Growing up with cerebral palsy in the 1950’s, Ray Layer and his family had no anti-discrimination laws to protect Ray from being excluded from educational, employment or housing opportunities. Some of those protections would come some 23 years later with the passage of Section 504 of the Rehabilitation Act in 1973 and again in 1990 with the signing of the Americans with Disabilities Act; 40 years after Ray was born.
Many people born with disabilities during that era were institutionalized. But with strong family support Ray achieved what many of us now take for granted. He graduated, became employed, participated in recreational activities and socialized with friends. Ray, who has a calm and quiet demeanor, especially regarding his achievements, possesses a very real and unfaltering determination to push through life’s challenges.
One of Ray’s biggest challenges began about four years ago when Ray was living with his mother, who was also his primary caregiver. When age related health issues required her to move into a nursing home, Ray moved there with her. The move was to be temporary while other arrangements were being made, but Ray experienced a very serious fall that required hospitalizations, surgeries and rehabilitation. His cerebral palsy made his rehabilitation difficult and lengthy. His stay in the nursing home ended up lasting three years.
During this time Ray’s mother passed away, yet Ray remained committed to his rehabilitation. His sister invested in major home modifications for Ray to move in with her. Since the accident though, Ray has needed a motorized wheelchair to get around and he’s unable to assist with transferring to or from his wheelchair. With all he’d accomplished, he and his sister needed adaptive equipment to help safely care for him in her home.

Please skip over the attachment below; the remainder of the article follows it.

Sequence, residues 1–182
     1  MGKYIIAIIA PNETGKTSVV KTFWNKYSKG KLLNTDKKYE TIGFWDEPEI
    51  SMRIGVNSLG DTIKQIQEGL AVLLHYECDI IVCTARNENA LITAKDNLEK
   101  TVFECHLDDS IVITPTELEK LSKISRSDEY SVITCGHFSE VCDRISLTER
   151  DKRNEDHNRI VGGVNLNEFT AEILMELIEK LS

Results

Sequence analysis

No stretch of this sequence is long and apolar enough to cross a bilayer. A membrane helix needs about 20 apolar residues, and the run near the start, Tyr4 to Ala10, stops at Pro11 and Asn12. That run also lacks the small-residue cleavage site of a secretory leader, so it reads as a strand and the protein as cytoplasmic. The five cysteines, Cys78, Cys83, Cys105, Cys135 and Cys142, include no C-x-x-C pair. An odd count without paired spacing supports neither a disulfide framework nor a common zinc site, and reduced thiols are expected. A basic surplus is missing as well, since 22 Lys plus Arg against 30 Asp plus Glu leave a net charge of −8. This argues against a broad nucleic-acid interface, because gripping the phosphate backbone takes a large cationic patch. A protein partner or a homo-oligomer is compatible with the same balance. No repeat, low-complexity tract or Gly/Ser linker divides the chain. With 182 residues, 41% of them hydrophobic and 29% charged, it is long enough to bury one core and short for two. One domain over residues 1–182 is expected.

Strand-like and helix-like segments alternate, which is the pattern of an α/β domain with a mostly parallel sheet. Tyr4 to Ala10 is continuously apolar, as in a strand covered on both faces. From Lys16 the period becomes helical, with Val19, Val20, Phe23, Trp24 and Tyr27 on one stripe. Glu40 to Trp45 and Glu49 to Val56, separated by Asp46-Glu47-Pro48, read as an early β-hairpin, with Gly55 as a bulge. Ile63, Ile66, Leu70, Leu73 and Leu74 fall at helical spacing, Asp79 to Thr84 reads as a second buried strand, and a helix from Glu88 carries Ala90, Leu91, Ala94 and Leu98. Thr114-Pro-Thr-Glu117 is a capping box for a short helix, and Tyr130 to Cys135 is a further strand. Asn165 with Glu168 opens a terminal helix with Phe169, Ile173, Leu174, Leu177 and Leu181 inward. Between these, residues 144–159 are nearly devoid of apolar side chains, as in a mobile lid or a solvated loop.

Fortunately this issue didn’t create another barrier to Ray achieving his goal of moving from the nursing home. Ray’s needs for a patient lift and an electric door opener could be accommodated through The Partnership for Hope Waiver.
The Partnership for Hope Waiver is a voluntary partnership agreement between Missouri Department of Mental Health Division of Developmental Disabilities and Senate Bill 40 Boards across the state to equally share the state cost to provide the waiver. The Developmental Disabilities Resource Board of St. Charles County has participated in the Partnership for Hope Waiver since its beginning in 2010. The waiver serves eligible individuals with developmental disabilities who require $12,000 or less annually to access necessary services and supports that develop greater independence within their own home and community.
Through the Partnership for Hope Waiver, Ray was able to purchase the adaptive equipment he needed. Today Ray remains healthy and is once again enjoying living with family and being able to access his community. Now retired, Ray remains and active bowler and maintains contact with several life-long friends. For Ray, the Partnership for Hope helped open a door to home.